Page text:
For class next Wednesday please have your two high inquiry tasks fully flushed out including at least four Assessment criteria for each. The full specifics of what is required in this assignment is outlined in this blog post. Try to be as specific as possible. For example, if it involves a script how many words do you want. If it is a digital narrative or mini-documentary how long will it be? When looking for Assessment Criteria for each inquiry task draw from research on the internet, assessment criteria you have seen in other projects, and the particulars of what you think constitutes powerful work in relation to this task. I have provided a fully articulated example in this Google doc.
Remember we only have four more classes and next Friday class is cancelled. However, I will be in class and I encourage you to come and use this time as a work period where I will be available to help you and answer questions as they arise. In asking you to create an assessment plan for a unit is perhaps one of the more important competencies you can have as a teacher. It is what separates you from someone who walks off the street. It is quite challenging though, so working on this in stages is helpful.
Once you have done identified your two big inquiry tasks, you now want to work backwards to create an assessment plan that will help students create a powerful response to this task. These would be mini-activities you would take in a long the way that will prepare students for the final task. As part of this process, include two assessment criteria. See the ones I generated for my assessment tasks as an example.
Some examples of assessment tasks for research would include creating a critical question requiring a reasoned judgment among options. For example: What were the three most important elements of traditional Inuit life? What are three most significant elements that need to be present for a country to be considered democratic? For assessment you could included identifies three areas, explains why these are important, and provides a specific supporting detail for each.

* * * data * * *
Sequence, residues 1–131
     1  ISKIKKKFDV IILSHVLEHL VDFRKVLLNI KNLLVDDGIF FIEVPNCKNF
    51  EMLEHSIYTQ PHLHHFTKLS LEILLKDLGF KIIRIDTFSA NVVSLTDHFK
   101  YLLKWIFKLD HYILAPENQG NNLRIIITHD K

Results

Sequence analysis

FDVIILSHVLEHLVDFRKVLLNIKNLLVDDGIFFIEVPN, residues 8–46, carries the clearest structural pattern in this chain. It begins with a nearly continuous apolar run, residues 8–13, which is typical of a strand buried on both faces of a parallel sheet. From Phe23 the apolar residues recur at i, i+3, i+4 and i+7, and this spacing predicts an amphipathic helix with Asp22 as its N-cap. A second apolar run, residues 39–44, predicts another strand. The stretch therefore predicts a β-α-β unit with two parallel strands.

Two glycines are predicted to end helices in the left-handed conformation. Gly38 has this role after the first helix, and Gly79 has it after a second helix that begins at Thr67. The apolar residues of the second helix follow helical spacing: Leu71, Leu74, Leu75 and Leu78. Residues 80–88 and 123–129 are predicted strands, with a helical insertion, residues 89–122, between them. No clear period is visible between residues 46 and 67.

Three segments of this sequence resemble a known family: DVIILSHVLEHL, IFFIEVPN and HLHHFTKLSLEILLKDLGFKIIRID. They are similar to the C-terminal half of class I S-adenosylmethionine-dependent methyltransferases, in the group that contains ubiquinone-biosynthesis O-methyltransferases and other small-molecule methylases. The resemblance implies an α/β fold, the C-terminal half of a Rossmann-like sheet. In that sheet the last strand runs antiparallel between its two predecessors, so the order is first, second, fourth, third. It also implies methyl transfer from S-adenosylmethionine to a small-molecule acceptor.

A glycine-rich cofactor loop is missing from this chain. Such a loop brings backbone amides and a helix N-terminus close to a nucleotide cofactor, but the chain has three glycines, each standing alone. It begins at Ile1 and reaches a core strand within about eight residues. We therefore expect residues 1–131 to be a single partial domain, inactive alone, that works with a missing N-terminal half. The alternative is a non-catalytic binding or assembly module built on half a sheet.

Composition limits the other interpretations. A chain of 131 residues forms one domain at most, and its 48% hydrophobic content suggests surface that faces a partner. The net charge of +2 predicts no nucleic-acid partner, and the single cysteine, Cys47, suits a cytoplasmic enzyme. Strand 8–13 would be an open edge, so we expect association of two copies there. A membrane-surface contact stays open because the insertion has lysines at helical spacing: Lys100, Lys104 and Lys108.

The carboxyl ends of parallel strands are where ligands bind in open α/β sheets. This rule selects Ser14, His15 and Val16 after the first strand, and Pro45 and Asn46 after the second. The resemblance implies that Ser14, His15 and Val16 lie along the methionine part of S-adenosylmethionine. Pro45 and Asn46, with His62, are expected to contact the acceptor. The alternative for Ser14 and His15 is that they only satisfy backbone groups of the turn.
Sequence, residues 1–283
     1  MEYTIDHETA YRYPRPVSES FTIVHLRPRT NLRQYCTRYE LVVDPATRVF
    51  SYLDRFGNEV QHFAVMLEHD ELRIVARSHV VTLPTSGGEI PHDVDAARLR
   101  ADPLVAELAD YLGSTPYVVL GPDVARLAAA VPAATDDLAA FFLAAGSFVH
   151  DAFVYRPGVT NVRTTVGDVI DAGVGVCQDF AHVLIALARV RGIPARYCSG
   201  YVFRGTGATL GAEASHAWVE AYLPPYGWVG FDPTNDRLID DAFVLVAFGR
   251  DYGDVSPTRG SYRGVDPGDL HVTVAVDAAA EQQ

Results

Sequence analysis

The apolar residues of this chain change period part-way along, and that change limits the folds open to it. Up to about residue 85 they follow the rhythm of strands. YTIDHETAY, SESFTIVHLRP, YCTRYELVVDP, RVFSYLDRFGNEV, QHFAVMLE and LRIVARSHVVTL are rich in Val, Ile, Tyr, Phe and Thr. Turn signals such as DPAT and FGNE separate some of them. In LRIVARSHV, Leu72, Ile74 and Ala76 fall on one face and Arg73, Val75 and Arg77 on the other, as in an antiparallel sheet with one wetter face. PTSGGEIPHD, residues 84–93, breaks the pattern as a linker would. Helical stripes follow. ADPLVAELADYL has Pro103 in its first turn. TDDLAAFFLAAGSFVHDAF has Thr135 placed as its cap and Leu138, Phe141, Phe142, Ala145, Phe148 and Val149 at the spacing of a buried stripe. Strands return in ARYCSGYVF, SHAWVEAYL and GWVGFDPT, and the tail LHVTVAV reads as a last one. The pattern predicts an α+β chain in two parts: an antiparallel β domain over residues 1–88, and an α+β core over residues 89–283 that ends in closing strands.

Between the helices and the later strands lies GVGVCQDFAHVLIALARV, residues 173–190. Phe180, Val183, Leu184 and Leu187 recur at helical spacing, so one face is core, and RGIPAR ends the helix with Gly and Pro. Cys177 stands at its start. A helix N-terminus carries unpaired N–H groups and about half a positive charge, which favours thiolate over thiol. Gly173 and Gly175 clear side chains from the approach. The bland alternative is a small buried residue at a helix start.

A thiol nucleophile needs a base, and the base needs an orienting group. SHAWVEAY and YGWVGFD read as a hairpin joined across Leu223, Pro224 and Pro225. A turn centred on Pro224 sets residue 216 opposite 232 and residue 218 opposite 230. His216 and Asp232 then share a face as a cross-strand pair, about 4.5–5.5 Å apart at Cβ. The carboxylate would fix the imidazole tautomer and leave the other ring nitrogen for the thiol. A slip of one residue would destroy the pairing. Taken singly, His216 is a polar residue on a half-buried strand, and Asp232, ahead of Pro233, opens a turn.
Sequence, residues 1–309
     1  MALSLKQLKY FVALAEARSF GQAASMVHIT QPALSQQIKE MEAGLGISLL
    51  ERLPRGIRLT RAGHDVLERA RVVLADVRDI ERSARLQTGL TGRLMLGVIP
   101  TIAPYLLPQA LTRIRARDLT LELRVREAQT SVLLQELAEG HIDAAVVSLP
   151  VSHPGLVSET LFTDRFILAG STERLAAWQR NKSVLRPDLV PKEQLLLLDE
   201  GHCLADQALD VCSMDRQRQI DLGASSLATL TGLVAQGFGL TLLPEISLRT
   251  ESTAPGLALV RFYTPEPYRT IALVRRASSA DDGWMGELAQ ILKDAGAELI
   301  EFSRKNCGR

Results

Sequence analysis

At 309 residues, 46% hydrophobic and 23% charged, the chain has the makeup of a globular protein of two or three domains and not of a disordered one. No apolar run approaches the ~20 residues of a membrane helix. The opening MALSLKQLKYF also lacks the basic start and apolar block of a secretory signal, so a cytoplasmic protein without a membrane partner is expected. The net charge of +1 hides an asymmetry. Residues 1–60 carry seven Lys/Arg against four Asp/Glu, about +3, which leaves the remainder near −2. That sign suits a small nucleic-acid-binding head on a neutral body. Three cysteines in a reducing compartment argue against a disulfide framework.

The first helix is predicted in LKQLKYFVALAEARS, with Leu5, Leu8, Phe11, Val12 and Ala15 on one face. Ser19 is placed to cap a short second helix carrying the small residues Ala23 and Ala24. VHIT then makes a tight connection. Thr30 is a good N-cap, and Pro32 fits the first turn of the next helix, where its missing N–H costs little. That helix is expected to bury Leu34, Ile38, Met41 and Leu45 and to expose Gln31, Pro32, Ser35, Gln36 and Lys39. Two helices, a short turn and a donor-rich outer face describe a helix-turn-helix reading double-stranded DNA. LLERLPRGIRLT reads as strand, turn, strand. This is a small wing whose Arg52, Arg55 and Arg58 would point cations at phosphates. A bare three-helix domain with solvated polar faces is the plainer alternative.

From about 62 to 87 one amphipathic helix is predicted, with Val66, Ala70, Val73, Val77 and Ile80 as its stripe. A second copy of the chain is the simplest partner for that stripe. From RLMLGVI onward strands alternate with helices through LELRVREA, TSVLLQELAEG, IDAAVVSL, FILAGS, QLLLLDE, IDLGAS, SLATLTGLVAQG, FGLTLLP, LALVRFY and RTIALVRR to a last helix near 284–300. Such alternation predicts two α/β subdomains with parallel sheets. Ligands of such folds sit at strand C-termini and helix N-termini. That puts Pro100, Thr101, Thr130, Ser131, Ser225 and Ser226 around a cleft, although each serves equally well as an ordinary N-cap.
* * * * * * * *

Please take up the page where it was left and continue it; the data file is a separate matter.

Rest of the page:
Connecting with experts:
An assessment task could involve developing questions to ask an expert coming in to visit or to interview a specialist classroom group. Here the assessment criteria would be open-ended, gets us information we need to know, unexpected. See my example.
Evaluating good and bad examples:
So that students understand the main assessment criteria for the inquiry task, you could create an assessment task asking them to evaluate a bad exemplar based on the criteria you will be using to assess their final work. Again, the criteria would be related to identifying areas of weakness in relation to particular criteria and advice for improvement.
As you need to build in formative feedback loops within any inquiry project, you could give students a rubric and do the same as above but with their work. Alternatively, you could get them to show you four changes they made to their script based on the formative feedback you gave them.
Remember that you need to include the following for your final unit plan:
- Two big inquiry tasks that will guide this unit along with accompanying assessment criteria for each (min. 4) that you will use to evaluate your students.
- A series of at least five or six assessment tasks that will prepare students to powerfully respond to each inquiry task. Include how many one-hour classes you think each stage will take at the top.
- For each assessment task include 2-3 assessment criteria that you will use to evaluate student work. Make these tasks specific. See examples.
- For each assessment task and inquiry task include specific resources you would use to achieve these tasks including videos, articles, critical challenges from Learn Alberta, the Historical Thinking Website, or other sources, that you will closely follow or draw upon.
- Include the specific learning outcomes and competencies that you hope to address in this unit. Including a 200-250 words response to how this unit is an attempt to live out key elements articulated in the front matter of the Alberta Social Studies Program.
- Develop one lesson plan that could be used at one point in the inquiry. This assessment for this will follow the criteria used for your earlier lesson plan. This lesson plan should include a fully developed rubric of three criteria you will use to assess student work. However, you only need to include the upper end- well developed (4) and the lower end still developing (2).
- Choosing two of the following areas to concentrate on in particular: Aboriginal and/or Francophone perspectives, infusion of technology, learner differentiation, and inter-disciplinary, write a short 300 word explanation as to how and when you would incorporate these elements.
- Include an APA reference list of all resources you draw on and plan to use. For example, if you borrow from a rubric or another lesson, please reference this.
This post first appeared on I Can't Believe A Kid Did That: Powerful Examples Of Student Inquiry Work, please read the originial post: here